I stayed one night, one time at an exquisite bed and breakfast in the French Alps. It wasn’t grand, this place, more like minutely elegant. Everything was in a kind of ancient order of simple perfection. There were only a very few rooms and so just a few other guests, all either French or British, and all very carefully and expensively dressed. The night we arrived, we were just in time for dinner and were served six courses of the kind of food I had previously only seen in magazines. I was careful not to touch a piece of silverware, a glass or even a napkin until my companion touched his, having absolutely no idea what to do with that much cutlery.
The room, when I finally got to explore it, was like a bedroom from one of the Victorian novels I love so much. Cloth wallpaper, antique furniture. And just in front of the bed, where you normally find a television, was a window that opened out to the Alps. It was a dream, an excursion into a whole other stratosphere of wealth and comfort. Until I went to bed. Turns out the queen size bed was a fake, it was actually just two double beds shoved together, meaning there was a gap in the center. To make matters worse, the fitted sheet trying to breach the gap couldn’t handle the job and so I ended up sleeping on a bare mattress. And, on top of all of that, the beautiful lace comforter was nowhere near warm enough. My one night, then, in the most precious place I’ll likely ever stay in my life was mostly spent awake, cold and not so very comfortable.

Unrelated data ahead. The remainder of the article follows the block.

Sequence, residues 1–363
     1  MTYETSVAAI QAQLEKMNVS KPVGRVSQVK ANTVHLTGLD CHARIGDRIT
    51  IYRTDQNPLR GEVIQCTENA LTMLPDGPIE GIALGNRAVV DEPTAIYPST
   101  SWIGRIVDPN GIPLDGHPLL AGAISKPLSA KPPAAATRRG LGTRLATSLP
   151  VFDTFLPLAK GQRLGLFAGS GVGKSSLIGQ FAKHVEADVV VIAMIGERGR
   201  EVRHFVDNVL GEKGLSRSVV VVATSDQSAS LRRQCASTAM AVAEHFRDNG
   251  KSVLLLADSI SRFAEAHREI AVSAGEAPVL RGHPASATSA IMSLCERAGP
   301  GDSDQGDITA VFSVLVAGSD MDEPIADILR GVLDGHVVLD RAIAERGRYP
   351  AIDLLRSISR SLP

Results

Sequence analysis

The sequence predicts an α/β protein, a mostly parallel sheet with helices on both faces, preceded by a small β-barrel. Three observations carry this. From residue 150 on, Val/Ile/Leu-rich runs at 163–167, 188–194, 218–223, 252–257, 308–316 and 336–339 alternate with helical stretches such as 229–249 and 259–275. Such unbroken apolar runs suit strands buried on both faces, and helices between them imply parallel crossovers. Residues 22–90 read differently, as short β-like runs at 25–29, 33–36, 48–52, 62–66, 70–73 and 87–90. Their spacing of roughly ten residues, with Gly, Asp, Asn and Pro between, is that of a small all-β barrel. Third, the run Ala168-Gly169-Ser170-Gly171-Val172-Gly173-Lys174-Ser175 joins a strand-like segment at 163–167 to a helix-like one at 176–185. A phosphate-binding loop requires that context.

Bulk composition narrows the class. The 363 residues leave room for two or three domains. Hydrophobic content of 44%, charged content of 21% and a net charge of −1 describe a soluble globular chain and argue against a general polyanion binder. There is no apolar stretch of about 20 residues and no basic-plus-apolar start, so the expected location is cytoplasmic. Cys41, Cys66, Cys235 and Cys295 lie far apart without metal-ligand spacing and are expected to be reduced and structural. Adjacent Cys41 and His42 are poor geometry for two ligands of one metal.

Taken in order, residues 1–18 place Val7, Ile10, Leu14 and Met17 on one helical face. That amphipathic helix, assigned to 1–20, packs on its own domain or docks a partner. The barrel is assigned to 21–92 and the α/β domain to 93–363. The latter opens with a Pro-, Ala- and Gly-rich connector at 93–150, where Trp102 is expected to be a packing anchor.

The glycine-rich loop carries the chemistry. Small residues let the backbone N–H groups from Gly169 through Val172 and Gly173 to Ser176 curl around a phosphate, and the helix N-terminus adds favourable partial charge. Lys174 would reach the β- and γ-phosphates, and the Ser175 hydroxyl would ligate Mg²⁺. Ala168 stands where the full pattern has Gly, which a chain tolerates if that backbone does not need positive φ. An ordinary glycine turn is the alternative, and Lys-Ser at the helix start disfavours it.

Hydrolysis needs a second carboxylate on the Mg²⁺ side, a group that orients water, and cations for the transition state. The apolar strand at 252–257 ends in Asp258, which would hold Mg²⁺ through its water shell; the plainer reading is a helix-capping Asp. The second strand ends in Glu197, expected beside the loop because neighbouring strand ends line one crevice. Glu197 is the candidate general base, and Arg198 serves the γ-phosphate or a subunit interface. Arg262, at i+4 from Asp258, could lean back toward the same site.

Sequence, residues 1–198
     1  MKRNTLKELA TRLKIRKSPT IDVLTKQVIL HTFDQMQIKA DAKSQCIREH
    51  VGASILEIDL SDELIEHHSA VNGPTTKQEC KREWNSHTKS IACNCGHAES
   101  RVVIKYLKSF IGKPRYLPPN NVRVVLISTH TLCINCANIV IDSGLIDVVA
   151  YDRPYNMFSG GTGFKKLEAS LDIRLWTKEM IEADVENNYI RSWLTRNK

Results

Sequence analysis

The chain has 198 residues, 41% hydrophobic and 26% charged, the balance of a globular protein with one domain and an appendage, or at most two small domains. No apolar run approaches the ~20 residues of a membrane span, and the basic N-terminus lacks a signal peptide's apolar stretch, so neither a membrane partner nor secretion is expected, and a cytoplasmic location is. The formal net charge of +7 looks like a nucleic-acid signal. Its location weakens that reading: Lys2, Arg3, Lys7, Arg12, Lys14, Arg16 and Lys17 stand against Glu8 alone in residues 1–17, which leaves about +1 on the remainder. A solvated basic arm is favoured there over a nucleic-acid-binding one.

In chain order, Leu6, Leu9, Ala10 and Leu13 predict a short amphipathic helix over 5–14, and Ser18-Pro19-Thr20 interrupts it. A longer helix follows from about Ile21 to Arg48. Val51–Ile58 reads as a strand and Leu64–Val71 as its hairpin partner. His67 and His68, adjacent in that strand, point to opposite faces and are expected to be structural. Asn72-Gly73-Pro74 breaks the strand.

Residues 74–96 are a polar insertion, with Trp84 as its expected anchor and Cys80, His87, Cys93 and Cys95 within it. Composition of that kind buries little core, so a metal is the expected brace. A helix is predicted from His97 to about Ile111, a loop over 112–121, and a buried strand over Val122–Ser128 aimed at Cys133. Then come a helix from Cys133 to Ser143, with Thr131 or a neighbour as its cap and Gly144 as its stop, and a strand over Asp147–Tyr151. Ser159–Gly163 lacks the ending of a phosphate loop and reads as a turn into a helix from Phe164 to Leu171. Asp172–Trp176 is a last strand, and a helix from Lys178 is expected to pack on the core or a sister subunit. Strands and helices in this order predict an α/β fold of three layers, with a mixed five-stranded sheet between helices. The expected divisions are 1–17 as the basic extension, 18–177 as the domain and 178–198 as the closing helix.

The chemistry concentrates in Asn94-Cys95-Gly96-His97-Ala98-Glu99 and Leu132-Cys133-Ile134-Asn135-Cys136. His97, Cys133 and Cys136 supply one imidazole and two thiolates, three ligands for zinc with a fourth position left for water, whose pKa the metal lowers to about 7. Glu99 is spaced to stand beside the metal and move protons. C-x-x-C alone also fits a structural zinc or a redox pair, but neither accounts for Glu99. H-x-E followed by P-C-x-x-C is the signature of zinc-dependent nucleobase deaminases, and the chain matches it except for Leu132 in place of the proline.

Here at this little hotel we do not offer views of the Alps out of our bedroom windows. Our food is laid out buffet style in the morning, and then again in the evening. Your fellow guests will just as likely be wandering around in sweatpants and flip-flops. But our beds are insanely comfortable with plush pillow top mattresses, too many pillows and luxurious down comforters. There’s really no comparison.